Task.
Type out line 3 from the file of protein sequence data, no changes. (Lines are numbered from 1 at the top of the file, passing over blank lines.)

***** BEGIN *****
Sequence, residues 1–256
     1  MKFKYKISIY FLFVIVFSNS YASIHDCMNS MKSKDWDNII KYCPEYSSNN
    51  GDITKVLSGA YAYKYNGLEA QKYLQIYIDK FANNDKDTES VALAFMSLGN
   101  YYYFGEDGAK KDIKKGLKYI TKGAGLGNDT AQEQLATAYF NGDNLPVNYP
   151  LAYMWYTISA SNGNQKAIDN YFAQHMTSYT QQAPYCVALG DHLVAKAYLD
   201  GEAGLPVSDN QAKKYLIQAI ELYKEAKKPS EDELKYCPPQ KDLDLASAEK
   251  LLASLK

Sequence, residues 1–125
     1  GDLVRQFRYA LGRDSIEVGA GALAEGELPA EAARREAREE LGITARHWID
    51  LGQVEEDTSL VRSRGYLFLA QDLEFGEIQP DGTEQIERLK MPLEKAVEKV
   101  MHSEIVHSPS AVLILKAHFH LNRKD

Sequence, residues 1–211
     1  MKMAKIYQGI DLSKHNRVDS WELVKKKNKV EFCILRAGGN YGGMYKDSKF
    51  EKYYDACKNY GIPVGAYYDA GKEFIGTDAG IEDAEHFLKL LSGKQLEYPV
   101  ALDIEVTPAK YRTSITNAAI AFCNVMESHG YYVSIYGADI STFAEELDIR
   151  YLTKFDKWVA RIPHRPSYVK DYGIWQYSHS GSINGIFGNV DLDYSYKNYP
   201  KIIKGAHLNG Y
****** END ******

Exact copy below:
    51  GDITKVLSGA YAYKYNGLEA QKYLQIYIDK FANNDKDTES VALAFMSLGN